Should a Writer Pay for Professional Editing?

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cotton_nightie

© Cotton Nightie

Cotton Nightie

Guest Writer @ GoneWithTheWord

When I started writing, I was lucky to have avid and responsive readers of my short stories. I was a true amateur, drawn into the craft of writing as a passion instead of a profession. Those friends helped me interpret my own words by providing feedback on what did and didn’t work in my stories.

I recognized early on that storytelling isn’t simply relating events. I often had powerful emotional responses to some stories I read yet others left me untouched. There was some kind of magic in storytelling I could perceive but not reliably express. I began deconstructing my own stories to find what worked and didn’t, using the feedback of those early readers to provide the perspective I was unable to find by myself.

Sometimes I fell in love with my own words to the point I could not maintain any emotional distance. Because of this, I wasn’t providing enough context in the story to give other readers that same emotional response l felt. I was using my own words to trigger an emotional response in me without thinking of what other readers might want to hear. It was essentially a form of mental masturbation. And worse, when others read those stories, they saw a plate of purple prose with a side of adverb sauce.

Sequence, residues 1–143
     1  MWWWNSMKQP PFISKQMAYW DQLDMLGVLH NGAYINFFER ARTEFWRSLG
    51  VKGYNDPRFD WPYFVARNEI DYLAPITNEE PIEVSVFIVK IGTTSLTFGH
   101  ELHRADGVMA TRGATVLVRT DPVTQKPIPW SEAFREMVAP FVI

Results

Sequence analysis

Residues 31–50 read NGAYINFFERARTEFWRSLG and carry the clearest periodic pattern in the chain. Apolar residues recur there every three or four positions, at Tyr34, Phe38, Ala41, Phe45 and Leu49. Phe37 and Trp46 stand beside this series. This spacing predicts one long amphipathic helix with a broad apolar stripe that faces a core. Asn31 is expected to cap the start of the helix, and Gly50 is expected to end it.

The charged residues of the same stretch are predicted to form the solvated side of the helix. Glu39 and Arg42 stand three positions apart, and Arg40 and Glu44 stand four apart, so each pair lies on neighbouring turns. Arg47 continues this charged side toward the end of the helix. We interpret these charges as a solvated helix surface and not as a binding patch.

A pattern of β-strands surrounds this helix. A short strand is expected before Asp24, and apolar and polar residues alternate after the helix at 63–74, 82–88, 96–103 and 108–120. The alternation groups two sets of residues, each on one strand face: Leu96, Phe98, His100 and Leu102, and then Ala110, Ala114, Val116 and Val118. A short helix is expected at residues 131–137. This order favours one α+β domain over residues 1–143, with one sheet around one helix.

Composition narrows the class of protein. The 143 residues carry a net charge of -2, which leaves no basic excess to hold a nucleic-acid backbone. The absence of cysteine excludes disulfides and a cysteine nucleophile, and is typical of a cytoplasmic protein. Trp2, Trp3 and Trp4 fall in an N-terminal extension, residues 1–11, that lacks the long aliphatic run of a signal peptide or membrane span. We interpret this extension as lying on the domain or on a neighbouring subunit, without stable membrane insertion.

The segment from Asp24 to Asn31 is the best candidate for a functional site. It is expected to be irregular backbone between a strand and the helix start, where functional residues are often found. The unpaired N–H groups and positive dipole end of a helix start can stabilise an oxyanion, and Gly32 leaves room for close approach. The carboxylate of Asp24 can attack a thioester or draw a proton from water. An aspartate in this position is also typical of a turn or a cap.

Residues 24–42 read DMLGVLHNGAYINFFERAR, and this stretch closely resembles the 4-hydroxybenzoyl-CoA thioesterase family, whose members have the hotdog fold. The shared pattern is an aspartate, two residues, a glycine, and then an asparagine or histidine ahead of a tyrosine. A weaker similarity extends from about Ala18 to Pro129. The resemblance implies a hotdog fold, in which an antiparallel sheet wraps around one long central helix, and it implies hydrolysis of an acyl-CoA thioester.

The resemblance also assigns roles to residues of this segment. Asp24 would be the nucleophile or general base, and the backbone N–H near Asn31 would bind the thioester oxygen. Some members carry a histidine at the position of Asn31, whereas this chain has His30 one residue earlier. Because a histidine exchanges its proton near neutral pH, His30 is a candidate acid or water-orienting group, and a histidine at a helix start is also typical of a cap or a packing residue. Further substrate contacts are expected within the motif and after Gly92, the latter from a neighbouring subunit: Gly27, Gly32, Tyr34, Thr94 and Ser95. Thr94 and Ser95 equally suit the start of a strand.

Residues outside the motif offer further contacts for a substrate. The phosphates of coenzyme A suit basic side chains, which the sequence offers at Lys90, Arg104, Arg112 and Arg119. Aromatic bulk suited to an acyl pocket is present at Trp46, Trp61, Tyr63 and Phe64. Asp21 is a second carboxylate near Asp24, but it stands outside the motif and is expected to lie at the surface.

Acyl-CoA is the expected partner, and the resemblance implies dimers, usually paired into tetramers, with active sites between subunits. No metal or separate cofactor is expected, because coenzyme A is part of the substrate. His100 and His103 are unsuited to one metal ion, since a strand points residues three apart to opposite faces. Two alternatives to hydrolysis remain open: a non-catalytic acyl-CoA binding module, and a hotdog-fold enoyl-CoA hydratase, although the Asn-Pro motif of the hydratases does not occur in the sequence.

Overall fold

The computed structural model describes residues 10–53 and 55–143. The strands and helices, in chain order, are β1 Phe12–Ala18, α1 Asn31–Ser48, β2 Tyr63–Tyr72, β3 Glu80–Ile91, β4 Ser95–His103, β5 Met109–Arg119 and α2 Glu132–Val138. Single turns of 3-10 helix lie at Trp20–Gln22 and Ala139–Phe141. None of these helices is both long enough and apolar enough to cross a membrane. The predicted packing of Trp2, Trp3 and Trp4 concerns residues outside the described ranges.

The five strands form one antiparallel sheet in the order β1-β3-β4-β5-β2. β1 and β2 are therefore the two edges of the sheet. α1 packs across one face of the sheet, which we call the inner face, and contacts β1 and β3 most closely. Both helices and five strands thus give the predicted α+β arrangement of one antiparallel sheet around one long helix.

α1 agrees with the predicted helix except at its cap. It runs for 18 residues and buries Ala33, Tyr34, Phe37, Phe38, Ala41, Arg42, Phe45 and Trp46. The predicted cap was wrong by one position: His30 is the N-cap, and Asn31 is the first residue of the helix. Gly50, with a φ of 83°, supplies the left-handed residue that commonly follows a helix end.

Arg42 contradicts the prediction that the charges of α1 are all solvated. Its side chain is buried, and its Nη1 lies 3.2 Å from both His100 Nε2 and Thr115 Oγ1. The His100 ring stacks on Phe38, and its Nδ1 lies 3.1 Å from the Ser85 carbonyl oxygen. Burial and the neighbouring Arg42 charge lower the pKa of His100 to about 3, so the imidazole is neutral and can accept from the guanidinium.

I realized I needed more help than what readers could provide but I didn’t know where to turn. I saw freelance editors offering their services on Twitter and Reddit, but didn’t really understand what they did for writers. I read an article that described the two broad categories of editing: developmental and copy editing. Developmental editing focuses on larger issues of story structure, plot, and pacing. Copy editing focuses on sentence structure, grammar, and style.

Working with developmental editors changed everything about storytelling for me. Instead of wondering if a particular scene or characterization worked, I was able to dissect the story with my editor to evaluate its impact and often come up with something stronger. Having someone mirror my words back to me made my writing clearer, more concise, and more likely to draw readers into the story I was telling. And while I sometimes managed to write compelling stories and scenes, I’d inevitably ruin them by using repetitive words, awkward syntax, or homophone confusion. I’m particularly blind to my own grammar mistakes like many writers and regularly ignore doubled or missing words without a glance, but luckily my copy editor’s red pen finds them all.

Cotton Nightie is a best-selling author who has established Cotton Nightie Press; a boutique publisher for the kinds of romantic stories you want to curl up with.

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